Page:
The Fourteenth Anniversary Of The 9/11 Terrorist Attacks
Mr. CARDIN. Mr. President, in a solemn ceremony today, a new visitor center and museum was opened at the site near Shanksville, Pennsylvania, where 40 courageous Americans were killed fourteen years ago tomorrow attempting to regain control of United Airlines Flight 93 from four hijackers. The 9/11 Commission Report makes it clear that the hijackers intended to crash Flight 93 either into the White House or the Capitol Building.
Our individual and collective memories of that horrific day remain fresh, and the pain is still very real. But in the minutes, hours, days, and years following the attacks, Americans have showed their amazing propensity for bravery, sacrifice, selflessness, and compassion in an incredible variety of ways.
Today, American men and women in this country and abroad stand at the ready to thwart the plans of those who wish to do us harm. We have an obligation to support them and their families during their missions, as well as when their missions end. Congress has a special obligation to care for those still living with the emotional and medical burdens of the attacks. As we begin to craft a new budget for our country, I will work to ensure full funding for the programs that support the first responders who risked their health in the effort to help others.
Others have said that the terrorist attacks on September 11, 2001 didn’t test the American character; they revealed it. The terrorist attacks were intended to crush the American spirit; instead, they galvanized it to new strengths. We came together as a Nation to grieve. We came together as a Nation to bury our dead and to care for those who were hurt. We came together as a Nation to rebuild. And we came together as a Nation to pursue those who were responsible for the attacks and bring them to justice. We have accomplished a great deal with respect to those missions, but we have so much more to do. We must never become complacent. We must never lose our resolve.
We have a larger mission. President John F. Kennedy was on his way to deliver a speech at the Trade Mart in Dallas when he was assassinated on November 22, 1963. He was going to say:
We in this country, in this generation, are – by destiny rather than choice – the watchmen on the walls of world freedom. We ask, therefore, that we may be worthy of our power and responsibility, that we may exercise our strength with wisdom and restraint, and that we may achieve in our time and for all time the ancient vison of “peace on earth, good will toward men.” That must always be our goal, and the righteousness of our cause must always underlie our strength. For as was written long ago: “except the Lord keep the city, the watchman waketh but in vain.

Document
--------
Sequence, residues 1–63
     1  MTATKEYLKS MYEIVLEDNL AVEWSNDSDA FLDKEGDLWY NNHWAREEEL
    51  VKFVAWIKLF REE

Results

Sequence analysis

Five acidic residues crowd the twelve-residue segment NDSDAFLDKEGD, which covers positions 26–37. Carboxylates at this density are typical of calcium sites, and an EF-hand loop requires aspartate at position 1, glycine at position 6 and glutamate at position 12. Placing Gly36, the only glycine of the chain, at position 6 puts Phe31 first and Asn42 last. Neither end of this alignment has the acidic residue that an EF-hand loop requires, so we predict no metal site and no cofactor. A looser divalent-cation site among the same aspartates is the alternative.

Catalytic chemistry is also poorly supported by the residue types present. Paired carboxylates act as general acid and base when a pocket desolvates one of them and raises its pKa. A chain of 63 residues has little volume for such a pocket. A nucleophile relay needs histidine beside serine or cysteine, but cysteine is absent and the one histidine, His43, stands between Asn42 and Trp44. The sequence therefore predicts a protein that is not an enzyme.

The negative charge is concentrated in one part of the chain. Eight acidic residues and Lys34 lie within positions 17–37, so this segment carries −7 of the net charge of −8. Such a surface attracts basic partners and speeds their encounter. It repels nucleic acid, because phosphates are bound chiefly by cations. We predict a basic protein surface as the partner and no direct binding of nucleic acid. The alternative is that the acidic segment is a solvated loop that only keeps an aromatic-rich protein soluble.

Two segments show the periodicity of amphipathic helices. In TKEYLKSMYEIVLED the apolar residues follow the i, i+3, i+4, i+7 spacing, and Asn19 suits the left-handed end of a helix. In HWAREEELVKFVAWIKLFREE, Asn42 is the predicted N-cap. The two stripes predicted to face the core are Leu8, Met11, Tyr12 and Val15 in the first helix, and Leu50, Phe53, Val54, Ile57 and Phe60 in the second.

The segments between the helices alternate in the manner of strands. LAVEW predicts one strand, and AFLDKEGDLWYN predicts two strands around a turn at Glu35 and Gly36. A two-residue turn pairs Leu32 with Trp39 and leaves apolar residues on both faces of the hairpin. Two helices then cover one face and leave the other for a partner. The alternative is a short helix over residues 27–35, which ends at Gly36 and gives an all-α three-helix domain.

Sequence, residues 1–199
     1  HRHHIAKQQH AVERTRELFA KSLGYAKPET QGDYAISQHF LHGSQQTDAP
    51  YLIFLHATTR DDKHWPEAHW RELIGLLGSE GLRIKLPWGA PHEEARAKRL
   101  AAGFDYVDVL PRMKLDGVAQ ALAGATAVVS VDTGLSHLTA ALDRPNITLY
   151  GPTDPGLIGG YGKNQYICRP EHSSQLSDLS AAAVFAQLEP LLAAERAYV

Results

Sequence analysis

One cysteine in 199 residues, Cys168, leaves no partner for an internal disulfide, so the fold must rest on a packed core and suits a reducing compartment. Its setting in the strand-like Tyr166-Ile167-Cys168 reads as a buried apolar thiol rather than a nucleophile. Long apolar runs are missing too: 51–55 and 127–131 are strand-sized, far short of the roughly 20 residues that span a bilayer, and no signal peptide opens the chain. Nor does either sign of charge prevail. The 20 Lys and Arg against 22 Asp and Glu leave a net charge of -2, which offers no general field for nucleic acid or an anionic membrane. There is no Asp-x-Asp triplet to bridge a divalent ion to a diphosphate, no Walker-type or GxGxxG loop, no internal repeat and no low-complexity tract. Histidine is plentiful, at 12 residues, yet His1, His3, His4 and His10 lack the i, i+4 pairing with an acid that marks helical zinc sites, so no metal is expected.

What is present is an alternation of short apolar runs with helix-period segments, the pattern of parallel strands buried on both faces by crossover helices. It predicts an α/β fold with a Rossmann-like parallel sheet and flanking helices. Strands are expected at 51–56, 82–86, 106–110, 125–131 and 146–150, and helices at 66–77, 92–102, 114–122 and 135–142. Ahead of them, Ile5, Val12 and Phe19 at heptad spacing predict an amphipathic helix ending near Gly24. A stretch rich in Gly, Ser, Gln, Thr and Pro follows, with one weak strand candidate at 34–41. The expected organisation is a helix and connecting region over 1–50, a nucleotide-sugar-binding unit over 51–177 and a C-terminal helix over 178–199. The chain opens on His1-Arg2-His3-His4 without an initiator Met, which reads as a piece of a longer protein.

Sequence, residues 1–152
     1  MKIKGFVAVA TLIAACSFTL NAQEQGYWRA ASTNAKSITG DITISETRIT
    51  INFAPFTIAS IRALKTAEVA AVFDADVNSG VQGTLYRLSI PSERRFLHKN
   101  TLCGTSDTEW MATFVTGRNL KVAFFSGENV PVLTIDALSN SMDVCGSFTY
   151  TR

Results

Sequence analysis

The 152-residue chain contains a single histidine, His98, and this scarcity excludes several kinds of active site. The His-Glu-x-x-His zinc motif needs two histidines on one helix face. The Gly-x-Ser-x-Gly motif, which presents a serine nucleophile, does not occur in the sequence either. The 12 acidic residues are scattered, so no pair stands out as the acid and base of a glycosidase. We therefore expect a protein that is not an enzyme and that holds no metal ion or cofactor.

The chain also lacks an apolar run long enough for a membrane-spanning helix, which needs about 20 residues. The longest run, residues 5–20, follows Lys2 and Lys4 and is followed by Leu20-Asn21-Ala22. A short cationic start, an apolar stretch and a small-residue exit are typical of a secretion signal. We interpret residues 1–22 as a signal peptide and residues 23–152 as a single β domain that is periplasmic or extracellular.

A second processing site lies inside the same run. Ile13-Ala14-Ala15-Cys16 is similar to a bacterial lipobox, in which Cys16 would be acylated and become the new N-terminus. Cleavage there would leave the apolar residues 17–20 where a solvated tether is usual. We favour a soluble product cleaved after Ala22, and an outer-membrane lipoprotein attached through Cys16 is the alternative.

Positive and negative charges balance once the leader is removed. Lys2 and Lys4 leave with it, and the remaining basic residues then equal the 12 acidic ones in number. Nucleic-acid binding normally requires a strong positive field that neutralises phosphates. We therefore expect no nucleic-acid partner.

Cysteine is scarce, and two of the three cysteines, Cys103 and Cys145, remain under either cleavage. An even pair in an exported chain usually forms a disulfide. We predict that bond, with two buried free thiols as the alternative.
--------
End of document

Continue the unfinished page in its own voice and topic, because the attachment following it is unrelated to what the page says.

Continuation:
Being “watchmen on the walls of world freedom” is an awesome responsibility. There are times when the responsibility seems more of a burden than a privilege. There are times when the world’s problems seem absolutely intractable and we grow weary of it all. There are times when we as Americans disagree whether or how we should meet that responsibility.
Today, both houses of Congress are involved in a debate about the Joint Comprehensive Plan of Action (JCPOA) with respect to Iran, a state sponsor of terrorism with nuclear ambitions. We have serious disagreements about whether to support the JCPOA. It’s important, as we debate this issue, to remember that no one among us is clairvoyant or has a total grasp of the truth; no ideology or philosophy has a monopoly on wisdom. No party has complete political acumen. And no group has exclusive rights to use the word “patriot”.
If we want to honor the men and women on Flight 93 and on the three other hijacked jets, if we want to honor the people in the World Trade Center and at the Pentagon, if we want to honor the brave first responders who were climbing up the steps of the Twin Towers as people were streaming down the steps, and if we want to honor the servicemen and women who have given their lives in defense of our Nation, let us remember that what unites us as Americans is far more important than what divides us on particular issues, even an issue as existentially crucial as restraining Iran’s worst intentions and lawlessness. We are all Americans, each with the desire to see our families, our communities, and our Nation prosper, and to promote the American ideals of peace and freedom and justice to every corner of the Earth.
About one hundred miles east of the Shanksville, there is another field consecrated by the blood of Americans who gave “the last full measure of devotion” – Gettysburg. As President Abraham Lincoln said, it is our responsibility to dedicate ourselves “to the unfinished work” which others “have thus far so nobly advanced”. It is our responsibility to dedicate ourselves to the “great task” remaining before us, and that task is “a new birth of freedom”.
As we remember and mourn those who died in the 9/11 attacks and those who have died since that dreadful day fourteen years ago serving as “watchmen on the walls of world freedom”, let us meet our awesome responsibility united, as Americans, all of us patriots in our own way, acknowledging that it is our privilege and it is our destiny.
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